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Comment: I blame upper management (Score 2) 56

by msobkow (#49518845) Attached to: How Security Companies Peddle Snake Oil

Upper management at most companies view IT as a set of tasks or items you can check off as "done", requiring no further investment or maintenance. I blame them for the sorry state of affairs that allows these "security" companies to advertise and sell "in a box" products that are supposed to "take care of your security."

If upper management would realize that things like security and infrastructure are things that need constant maintenance, enhancement, and upgrades, we wouldn't be in this pickle. Nor would we be stuck with applications that are running on three-major-revision-old vendor products, subject to a whole raft of security issues that could be addressed by upgrading them.

+ - Firefox marketshare plummets to 10%->

Submitted by Billly Gates
Billly Gates writes: This is a story which is both sad, yet unsurprising. News like this just 5 or 6 years ago would send many of us in a panic as only Firefox was the savior from the stranglehold of IE 6 on the internet last decade. Many things have changed since then. Microsoft decided to start developing IE again to remain competitive. IE became secure and standards compliant starting with IE 9 which is still continuing to catch up with project Spartan for Windows 10 and no longer is proprietary.

New players have arrived derived from a new standard called webkit. Webkit and it's fork Blink created a new more modular rendering engine. Chrome, Safari, and mobile apps and browsers based on it rapidly have taken marketshare over the last few years. Chrome became a better browser with very fast java, threaded tabs, and tight memory management, and innovated many of the new HTML 5 and CSS 3 technologies leaving Firefox and IE in the dust.Firefox meanwhile has frustrated it's users over various issues and poor releases starting with Firefox 4.0 and continual breakage with add-ons every 6 weeks.

Netmatshare produces statistics independently from other companies which have Firefox marketshare listed at around 10%. but all seem to show the same trends. Are we heading into an era soon where webmasters will not support Firefox and put banners encouraging their users to download Chrome instead?

Link to Original Source

Comment: Re:Chrome broke my VPN (Score 1, Interesting) 70

by Billly Gates (#49506939) Attached to: Chrome 43 Should Help Batten Down HTTPS Sites

As screwed up as this sounds I would take modern IE 11 over Firefox anyday.

I would have a psychotic episode seeing me type this 5 years ago but Firefox has gone to shit starting with 4. Actually 3.6 U noticed slowness too.

IE is great for running ancient shit intranet sites. Java is negligent to run as a plugin. Only few good reasons for IE is group policy to allow java to run on only intranet or trusted site lists. If your mcses at work have it enabled globally they should be slapped up the back of the head.

Comment: Re:Math prodigy? Srsly? (Score 2) 149

the equation is just n^2+n = n but you need to be a math prodigy to do the visualizations on your own without a computer.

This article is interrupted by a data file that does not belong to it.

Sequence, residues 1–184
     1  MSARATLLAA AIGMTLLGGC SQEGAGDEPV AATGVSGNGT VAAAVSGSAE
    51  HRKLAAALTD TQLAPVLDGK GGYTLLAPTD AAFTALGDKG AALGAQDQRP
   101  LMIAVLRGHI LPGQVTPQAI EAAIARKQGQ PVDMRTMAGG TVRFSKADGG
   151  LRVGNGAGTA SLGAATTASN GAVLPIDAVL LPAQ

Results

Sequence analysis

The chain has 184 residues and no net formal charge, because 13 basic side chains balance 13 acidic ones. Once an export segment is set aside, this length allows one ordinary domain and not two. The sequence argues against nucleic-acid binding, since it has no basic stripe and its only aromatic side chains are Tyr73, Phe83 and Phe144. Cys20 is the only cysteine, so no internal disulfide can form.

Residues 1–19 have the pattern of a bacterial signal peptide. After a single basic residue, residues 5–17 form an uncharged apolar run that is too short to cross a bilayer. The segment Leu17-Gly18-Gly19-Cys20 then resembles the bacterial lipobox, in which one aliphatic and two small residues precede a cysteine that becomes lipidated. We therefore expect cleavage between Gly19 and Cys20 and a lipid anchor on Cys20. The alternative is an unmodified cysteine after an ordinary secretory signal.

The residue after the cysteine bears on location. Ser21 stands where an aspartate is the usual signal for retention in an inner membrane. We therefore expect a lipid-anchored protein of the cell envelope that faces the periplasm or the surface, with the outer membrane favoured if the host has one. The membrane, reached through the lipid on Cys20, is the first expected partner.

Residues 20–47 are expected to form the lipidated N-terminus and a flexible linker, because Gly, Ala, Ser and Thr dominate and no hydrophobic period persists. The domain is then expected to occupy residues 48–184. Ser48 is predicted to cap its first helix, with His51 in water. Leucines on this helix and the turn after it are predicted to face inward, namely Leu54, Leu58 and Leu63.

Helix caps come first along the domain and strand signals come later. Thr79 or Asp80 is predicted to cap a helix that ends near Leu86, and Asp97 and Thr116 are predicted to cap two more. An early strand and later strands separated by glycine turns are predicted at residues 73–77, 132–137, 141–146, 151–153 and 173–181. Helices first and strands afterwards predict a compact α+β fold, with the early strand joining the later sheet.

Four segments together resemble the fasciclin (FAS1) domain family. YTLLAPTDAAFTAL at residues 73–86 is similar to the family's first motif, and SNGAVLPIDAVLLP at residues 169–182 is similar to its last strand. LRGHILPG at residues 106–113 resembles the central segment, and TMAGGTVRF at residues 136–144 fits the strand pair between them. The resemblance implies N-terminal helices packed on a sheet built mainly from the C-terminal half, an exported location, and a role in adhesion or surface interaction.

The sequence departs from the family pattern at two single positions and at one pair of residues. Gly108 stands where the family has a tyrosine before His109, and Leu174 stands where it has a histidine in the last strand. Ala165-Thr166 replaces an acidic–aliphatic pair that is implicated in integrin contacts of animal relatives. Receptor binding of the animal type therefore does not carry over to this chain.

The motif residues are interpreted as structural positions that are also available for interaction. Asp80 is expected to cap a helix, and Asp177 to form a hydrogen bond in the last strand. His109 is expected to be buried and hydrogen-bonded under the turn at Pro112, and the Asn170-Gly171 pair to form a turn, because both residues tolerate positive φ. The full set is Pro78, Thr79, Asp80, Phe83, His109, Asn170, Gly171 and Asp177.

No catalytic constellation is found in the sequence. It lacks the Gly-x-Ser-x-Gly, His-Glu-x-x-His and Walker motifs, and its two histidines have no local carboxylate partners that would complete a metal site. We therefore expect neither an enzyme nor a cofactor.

The number crunching part isn't hard or even difficult to understand, people from all backgrounds have done it on lowly 8-bit machines running at a few MHz. All you need is time:

A Bunch of Rocks

Comment: Re:Holy crap, that marketing spin (Score 1) 51

Go to Amazon and search for the Intel drive? $2400 now??! The Kingston is much cheaper oh and I have 950 megs a second from my ahci Samsung pro 80s running on fake raid 0 from intel rst. So speed is still possible as 14000 cpu cycles is nothing when an i7 can do 180,000 instructions a second. Kind of sad that an inefficient design is that poor? Shouldn't we have solved this with an external i/o chip? Or have a component in the cpu? The point of Scsi was for this reason back in the 1990s

Comment: Re:Wow... (Score 1) 51

Why?

If you answer build your own dvr which only represent 5% of users then you need just a fixed long sequencial access. Ah a mechanical disk is up your alley. You don't do random 4k burst dependent on latency. You gain nothing and a mechanical disk is like $60 a tb. So buy some cheap WD green's in a raid and call it a day. Use an ssd for pc use.

1 tb = 2,400 page word document for every man, woman, and child whoever lived! Most consumers never come close to filling 200 gbs. No need.

And there are external drives you can use for TV shows which is the only use for 98% of all uses

Comment: The true burden (Score 3, Insightful) 383

by msobkow (#49501803) Attached to: Can High Intelligence Be a Burden Rather Than a Boon?

The true burden lies in thinking a "high IQ" means you're better than other people. There are many valuable skills and talents which are not measured by an IQ test, including art, music, empathy, and so on.

The burden is the arrogance of presuming IQ means intelligence. It does not. It is simply one metric for measuring skillsets.

+ - Star Wars: The Force Awakens trailer with analysis->

Submitted by Anonymous Coward
An anonymous reader writes: The second trailer for Star Wars: The Force Awakens (2015) has been released, but one writer feels it's less effective than J.J. Abrams' Star Trek trailers:

“The teaser for Into Darkness [2013] builds suspense, hanging us from Benedict Cumberbatch's every word. It shows a wonderful array of action, gives us more than a glimpse at its jaw dropping visuals and teases us with a moreish plot, one that we automatically want to invest into. Star Wars, on the other hand, plays it safe. It bases the trailer's underlining plot on something we know all too well — the Force — and gives me little reason to be excited. It's missing that spark, that chill of excitement that Star Trek delivered.”

Link to Original Source

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